We walk through the Deoksu Palace, learning of late Joseon Dynasty history: of Gojong’s valiant refusal to sign the 1905 treaty by which Japan made Korea its protectorate, despite having a cannon pointed at him, and of lots more besides. We pass out of the back entrance to the palace and into the embassy quarter, past the former library of the Deoksu Palace (later the premises fo the Seoul Club), past the site of the old Russian legation, and on to the Gyeonghuigung.
All that remained of the Russian legation was a tower. The site of the embassy had been flattened into a quiet park which now no-one visits. But the state-sponsored act of vandalism had its intended effect, making the area unusable by the Soviets for an embassy when they established diplomatic relations with Seoul in the 1990: the nearby US and British embassies didn’t want the Russians situated so close and able to eavesdrop.
We learned of the destruction of the Gyeonghui Palace by the Japanese, who bulldozed the majority of the palace buildings to the bottom of the hill – which explains the existence of the otherwise puzzling mound in front of the first building you get to when entering the precincts.
The Gyeonghui Palace (경희궁), once occupied by eunuchs and palace women cultivating silk-worms, is probably the least-visited of the five palaces in Seoul but it is well worth a visit, living up to its name which literally means Palace of Serene Harmony. Despite being largely destroyed by the Japanese, the detailed royal records enabled an exact restoration to be conducted once only three points on the groundplan had been precisely located.
We are shown the picnic spot at the back of the Gyeonghui Palace where a spring emerges from the rocks. We walk via the Seoul Museum of History, where the remains of some Pimatgol shops have been transplanted and put below some glass as the march of progress sweeps away another neighbourhood. We ponder whether it would not have been better to preserve the past by maintaining it in daily use rather than transplanting it and sealing it in a glass case. We have lunch in a solitary one-storey restaurant surrounded by high-rise buildings and construction sites – it will surely not survive long.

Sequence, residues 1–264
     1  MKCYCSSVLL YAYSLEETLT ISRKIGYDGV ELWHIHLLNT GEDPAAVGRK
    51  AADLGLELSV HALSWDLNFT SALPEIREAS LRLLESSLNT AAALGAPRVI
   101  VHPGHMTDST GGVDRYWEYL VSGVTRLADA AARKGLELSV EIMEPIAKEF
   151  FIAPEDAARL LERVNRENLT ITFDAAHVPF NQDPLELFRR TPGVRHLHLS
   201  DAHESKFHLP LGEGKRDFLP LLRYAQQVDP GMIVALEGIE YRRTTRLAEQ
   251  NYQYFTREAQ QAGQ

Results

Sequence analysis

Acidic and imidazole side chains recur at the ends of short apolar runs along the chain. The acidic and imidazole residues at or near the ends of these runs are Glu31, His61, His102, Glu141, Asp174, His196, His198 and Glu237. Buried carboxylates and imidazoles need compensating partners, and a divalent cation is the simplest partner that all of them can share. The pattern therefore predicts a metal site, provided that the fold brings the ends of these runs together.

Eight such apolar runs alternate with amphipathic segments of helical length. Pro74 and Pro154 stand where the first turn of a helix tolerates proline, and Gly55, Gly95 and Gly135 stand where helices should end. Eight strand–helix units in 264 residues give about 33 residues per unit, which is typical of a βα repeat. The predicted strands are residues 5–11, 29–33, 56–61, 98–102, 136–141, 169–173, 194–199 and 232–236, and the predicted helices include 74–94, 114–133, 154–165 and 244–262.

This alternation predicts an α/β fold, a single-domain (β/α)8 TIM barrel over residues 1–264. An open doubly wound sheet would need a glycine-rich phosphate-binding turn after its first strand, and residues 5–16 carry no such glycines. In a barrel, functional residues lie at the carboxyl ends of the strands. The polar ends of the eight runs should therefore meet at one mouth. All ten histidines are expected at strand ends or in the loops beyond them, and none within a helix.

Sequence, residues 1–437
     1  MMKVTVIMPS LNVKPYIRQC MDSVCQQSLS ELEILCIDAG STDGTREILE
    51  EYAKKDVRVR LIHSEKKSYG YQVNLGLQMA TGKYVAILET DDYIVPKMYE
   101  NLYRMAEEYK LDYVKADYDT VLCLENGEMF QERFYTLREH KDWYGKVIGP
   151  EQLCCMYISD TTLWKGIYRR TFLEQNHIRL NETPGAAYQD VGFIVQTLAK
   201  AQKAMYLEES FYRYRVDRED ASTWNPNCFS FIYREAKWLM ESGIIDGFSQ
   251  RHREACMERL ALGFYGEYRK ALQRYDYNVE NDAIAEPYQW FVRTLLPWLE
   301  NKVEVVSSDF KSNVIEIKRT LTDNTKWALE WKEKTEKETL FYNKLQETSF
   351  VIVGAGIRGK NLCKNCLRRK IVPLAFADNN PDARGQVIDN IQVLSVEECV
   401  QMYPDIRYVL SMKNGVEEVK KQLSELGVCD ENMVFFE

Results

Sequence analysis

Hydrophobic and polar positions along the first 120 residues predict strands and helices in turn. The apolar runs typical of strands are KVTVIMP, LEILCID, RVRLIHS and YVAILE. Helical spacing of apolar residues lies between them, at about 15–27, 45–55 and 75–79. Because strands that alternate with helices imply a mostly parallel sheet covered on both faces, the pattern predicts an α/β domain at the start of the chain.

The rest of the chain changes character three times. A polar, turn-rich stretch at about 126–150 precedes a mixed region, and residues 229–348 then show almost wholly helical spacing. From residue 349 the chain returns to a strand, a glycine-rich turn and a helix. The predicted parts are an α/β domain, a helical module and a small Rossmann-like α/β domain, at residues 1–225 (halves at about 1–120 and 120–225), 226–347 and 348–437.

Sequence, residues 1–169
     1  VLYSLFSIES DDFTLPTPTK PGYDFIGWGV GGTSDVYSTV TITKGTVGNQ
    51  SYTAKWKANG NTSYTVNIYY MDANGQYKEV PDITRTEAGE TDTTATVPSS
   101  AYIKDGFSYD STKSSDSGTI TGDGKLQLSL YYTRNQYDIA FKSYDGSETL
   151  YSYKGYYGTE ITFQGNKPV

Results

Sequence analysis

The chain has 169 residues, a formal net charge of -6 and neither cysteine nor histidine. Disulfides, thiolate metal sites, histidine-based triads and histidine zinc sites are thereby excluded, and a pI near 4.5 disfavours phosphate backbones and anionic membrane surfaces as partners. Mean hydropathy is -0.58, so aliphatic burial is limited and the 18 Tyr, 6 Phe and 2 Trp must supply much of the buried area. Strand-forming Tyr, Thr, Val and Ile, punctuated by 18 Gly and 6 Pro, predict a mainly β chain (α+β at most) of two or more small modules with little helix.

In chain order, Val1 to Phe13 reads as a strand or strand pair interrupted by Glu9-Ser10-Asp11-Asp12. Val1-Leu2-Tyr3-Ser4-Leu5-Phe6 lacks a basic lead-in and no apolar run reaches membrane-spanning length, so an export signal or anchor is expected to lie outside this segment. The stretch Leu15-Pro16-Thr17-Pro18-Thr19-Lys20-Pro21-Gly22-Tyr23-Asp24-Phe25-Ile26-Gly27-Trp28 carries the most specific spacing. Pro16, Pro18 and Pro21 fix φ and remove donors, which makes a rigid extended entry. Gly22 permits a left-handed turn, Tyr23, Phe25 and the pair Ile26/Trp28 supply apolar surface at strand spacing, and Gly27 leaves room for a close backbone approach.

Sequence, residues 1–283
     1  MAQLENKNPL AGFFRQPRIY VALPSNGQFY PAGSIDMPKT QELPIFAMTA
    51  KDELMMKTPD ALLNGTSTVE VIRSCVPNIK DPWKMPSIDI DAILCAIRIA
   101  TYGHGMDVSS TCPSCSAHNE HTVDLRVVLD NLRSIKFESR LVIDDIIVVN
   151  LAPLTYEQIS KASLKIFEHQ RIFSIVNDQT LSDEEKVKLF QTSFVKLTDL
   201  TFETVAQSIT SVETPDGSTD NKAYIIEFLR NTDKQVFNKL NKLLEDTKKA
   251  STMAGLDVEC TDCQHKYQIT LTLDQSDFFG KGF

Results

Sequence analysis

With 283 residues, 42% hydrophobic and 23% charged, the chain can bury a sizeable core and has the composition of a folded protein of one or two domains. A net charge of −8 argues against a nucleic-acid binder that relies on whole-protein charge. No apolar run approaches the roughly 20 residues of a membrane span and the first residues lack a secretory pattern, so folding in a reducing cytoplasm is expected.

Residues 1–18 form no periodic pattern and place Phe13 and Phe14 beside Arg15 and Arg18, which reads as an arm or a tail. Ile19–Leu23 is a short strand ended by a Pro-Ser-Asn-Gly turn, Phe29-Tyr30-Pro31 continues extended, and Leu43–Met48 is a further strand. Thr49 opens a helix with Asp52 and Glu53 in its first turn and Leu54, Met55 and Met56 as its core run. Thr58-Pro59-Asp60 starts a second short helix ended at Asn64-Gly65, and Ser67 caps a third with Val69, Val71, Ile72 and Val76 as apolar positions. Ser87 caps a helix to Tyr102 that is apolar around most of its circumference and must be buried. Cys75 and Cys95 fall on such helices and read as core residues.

Proceeding north beyond Gwanghwamun station, we walk through a low-rise area of small restaurants and residential buildings. Bartholomew points out good and bad restoration practices. Emerging alongside the Gyeongbokgung, he negotiates the party through the security cordon and we walk around the back of the palace past Cheongwadae, as he points out the gates in the wall through which palace servants and female royalty would pass. It’s already 3:30, and the party is about to walk through Bukchon to the Changdeokgung and the Unhyeon Palace. It looks like there’s another hour and a half to go: time that would be very well spent. But I need to leave them or I’m not going to get to Tongyeong that day. Regretfully I peel off towards Insadong to pick up my bags on the way to the bus terminal.
Everyone is heartily encouraged to join the RASKB1 and, whether as members or otherwise, participate in some of their events and tours. The value I got out of the six and a half hours with such an expert was immense, and you are much better informed on these tours than you would be by one of the standard tour guides who have their well-rehearsed scripts aimed at the average tourist.
- The walking tour itinerary on the RASKB website
- Accounts of previous walking tours on Discovering Korea and Korean Graduate Studies Prep.
- American eye cherishes beauty lost on Koreans, a feature on Peter Bartholomew in the Korea Herald, 30 March 2010
- As I surely shall once they get their Paypal account sorted out